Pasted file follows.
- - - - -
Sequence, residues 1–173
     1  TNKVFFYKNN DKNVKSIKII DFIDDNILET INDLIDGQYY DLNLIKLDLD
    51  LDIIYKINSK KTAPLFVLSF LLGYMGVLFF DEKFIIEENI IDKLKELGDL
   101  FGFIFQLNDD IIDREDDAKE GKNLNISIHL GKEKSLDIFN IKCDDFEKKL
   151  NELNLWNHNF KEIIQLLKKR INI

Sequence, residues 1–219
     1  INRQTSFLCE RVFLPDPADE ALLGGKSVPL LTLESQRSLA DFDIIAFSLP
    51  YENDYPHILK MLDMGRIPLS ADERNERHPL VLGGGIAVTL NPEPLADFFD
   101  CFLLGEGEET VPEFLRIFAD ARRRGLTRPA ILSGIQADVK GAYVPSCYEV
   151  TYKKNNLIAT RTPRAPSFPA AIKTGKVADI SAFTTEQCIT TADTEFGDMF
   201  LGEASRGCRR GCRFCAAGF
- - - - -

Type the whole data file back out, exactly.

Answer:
Sequence, residues 1–173
     1  TNKVFFYKNN DKNVKSIKII DFIDDNILET INDLIDGQYY DLNLIKLDLD
    51  LDIIYKINSK KTAPLFVLSF LLGYMGVLFF DEKFIIEENI IDKLKELGDL
   101  FGFIFQLNDD IIDREDDAKE GKNLNISIHL GKEKSLDIFN IKCDDFEKKL
   151  NELNLWNHNF KEIIQLLKKR INI

Sequence, residues 1–219
     1  INRQTSFLCE RVFLPDPADE ALLGGKSVPL LTLESQRSLA DFDIIAFSLP
    51  YENDYPHILK MLDMGRIPLS ADERNERHPL VLGGGIAVTL NPEPLADFFD
   101  CFLLGEGEET VPEFLRIFAD ARRRGLTRPA ILSGIQADVK GAYVPSCYEV
   151  TYKKNNLIAT RTPRAPSFPA AIKTGKVADI SAFTTEQCIT TADTEFGDMF
   201  LGEASRGCRR GCRFCAAGF